How does the Gospel define children’s education? (Radio interview on the “Stand Up for the Truth” program.)

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I’m quite happy and thankful to report that I had an awesome, cool, and productive time with the crew at Stand Up for the Truth on Monday’s show, where the topic of the day was…*drumroll*…children’s education from a Gospel-centered perspective.

Woohoo!

I was on for about the first 45 minutes or so and man, did we get things going! There were more live call-in responses to this particular broadcast than I’ve ever experienced at Stand Up before, and I’ve been on the show regularly for years. (I even wrote this morning about one of the very challenging and encouraging calls taken during the show in Do you have two hours a day to focus on your children?)

Now that links to the recording are up and running, you can check out the whole supercool episode by clicking here. You can also visit the Stand Up for the Truth page dedicated to yesterday’s show, with a summary and podcast links, by clicking here.

As always, thank you for your prayers and support!


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2 COMMENTS

  1. So I listened to your podcast on Stand up for the Truth, and had a question I couldn't ask because it was a couple days after the live broadcast. How do you educate special needs children? Their education is highly specialized and requires people who are trained in educating them according to their disabilities. The parents are Bible believing, church going, devout Christians, but have two non-verbal autistic children. Their church has a school, but no provisions for special-needs kids.

    • Howdy Denise,

      Thanks for listening to the program and thanks for chiming in here with an important question that has to be on the minds of many and should be on the radar of the church as we go about wrestling away control of children's education from the religion of Statism and return it to a biblical foundation under the rule of Christ.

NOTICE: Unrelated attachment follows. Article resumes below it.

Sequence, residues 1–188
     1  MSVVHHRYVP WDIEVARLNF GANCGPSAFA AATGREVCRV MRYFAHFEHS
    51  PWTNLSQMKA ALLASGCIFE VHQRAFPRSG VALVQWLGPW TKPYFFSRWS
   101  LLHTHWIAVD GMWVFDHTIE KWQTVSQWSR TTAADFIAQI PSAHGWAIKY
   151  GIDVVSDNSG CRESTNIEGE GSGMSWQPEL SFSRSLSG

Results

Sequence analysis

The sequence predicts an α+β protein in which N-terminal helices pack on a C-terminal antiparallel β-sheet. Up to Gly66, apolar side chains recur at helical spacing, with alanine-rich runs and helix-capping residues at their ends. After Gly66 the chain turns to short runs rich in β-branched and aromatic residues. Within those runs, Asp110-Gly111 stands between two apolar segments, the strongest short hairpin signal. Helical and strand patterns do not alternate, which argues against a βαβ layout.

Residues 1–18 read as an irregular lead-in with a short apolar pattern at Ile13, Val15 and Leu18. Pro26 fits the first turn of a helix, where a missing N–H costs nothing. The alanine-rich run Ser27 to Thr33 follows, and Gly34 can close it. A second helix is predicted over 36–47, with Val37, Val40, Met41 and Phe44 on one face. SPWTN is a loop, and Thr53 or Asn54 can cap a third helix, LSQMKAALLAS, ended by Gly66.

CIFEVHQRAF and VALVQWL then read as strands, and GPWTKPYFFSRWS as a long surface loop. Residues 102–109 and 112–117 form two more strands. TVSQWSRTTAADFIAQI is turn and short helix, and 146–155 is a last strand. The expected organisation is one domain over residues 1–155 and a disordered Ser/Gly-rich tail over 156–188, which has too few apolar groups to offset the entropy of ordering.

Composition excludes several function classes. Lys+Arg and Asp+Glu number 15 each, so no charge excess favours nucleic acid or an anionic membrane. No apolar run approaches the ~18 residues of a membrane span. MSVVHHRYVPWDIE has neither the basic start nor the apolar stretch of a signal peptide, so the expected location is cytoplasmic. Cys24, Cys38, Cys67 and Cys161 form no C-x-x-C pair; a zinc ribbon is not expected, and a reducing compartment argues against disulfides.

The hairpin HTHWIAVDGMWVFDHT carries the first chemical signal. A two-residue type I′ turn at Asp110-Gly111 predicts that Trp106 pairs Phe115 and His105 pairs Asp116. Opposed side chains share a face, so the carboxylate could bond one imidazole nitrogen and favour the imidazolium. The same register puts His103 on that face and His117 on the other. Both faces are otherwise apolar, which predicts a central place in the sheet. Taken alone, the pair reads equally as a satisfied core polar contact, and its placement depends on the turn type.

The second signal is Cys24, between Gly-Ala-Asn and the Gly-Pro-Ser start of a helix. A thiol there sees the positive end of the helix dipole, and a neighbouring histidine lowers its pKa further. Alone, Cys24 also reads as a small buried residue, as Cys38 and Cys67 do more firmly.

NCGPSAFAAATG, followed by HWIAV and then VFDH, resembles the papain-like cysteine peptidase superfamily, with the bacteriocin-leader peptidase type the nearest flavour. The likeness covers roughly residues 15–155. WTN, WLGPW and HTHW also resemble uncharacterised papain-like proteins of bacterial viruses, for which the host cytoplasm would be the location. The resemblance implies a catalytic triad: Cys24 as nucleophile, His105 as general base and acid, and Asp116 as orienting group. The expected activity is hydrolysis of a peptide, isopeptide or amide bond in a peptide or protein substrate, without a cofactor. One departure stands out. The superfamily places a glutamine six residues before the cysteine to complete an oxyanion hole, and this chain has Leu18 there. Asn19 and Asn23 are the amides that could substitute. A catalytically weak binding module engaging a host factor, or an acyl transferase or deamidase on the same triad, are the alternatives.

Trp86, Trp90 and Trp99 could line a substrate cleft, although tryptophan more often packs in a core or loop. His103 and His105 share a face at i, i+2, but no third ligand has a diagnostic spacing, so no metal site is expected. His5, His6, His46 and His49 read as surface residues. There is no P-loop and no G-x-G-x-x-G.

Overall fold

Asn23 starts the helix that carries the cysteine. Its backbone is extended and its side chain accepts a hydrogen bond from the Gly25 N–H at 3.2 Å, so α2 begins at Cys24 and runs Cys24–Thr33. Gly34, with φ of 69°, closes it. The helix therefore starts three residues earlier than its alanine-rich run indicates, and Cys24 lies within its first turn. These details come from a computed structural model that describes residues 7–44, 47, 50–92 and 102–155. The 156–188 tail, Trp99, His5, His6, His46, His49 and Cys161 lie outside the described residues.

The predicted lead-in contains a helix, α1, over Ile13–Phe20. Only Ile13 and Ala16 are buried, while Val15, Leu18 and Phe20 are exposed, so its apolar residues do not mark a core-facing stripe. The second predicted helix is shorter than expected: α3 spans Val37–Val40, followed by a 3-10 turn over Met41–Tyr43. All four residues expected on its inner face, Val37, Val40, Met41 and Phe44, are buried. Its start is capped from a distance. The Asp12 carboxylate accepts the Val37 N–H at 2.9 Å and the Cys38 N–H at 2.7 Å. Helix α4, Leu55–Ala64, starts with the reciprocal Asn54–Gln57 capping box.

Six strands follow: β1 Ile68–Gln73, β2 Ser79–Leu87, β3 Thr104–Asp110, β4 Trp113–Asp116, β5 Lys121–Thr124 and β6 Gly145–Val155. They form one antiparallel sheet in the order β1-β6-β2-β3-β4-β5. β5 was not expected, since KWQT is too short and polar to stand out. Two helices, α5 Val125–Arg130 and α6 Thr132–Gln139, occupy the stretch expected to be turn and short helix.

That said, I think that there are a lot of unproven-yet-assumed presuppositions in your question, which seems to at least strongly imply that (at least many, if not most ort all) parents of special needs children cannot possibly do what only outside "experts" can (and therefore must) do for them. While I can certainly appreciate the need for outside assistance and "expert" input in helping parents to ramp up to face and tackle the unique challenges that come with raising special needs children, the goal should always be for such outside help to only be used to assist parents in getting to a place (as quickly as possible) where they are doing the things themselves that they may initially need help or guidance from outside "experts" to understand and apply. All special needs education – as any other – must be pursued from an explicitly Christ-centered perspective, making Him the conscious focal point of every subject of consideration. This essential aspect of education is unchanged by the "special needs" component.

      Obviously, every situation is unique and has its own context. Local church leadership is responsible for having a handle on exactly what the needs are within the local body of believers. Church leadership should assist in every way possible in addressing the education needs – special or otherwise – from a biblical, Christ-centered perspective in accordance with the Gospel-fueled Great Commission.

      God gives each child to specific parents purposefully. He places each child in a specific family (and church family) context purposefully. It is the responsibility of family and the church to educate children. Education – special needs or otherwise – is NOT the role of the State.

      If a church has members with needs that are not being met, then the church has the responsibility to meet those needs (in accordance with Scripture).

      I hope that these clarifications are helpful.

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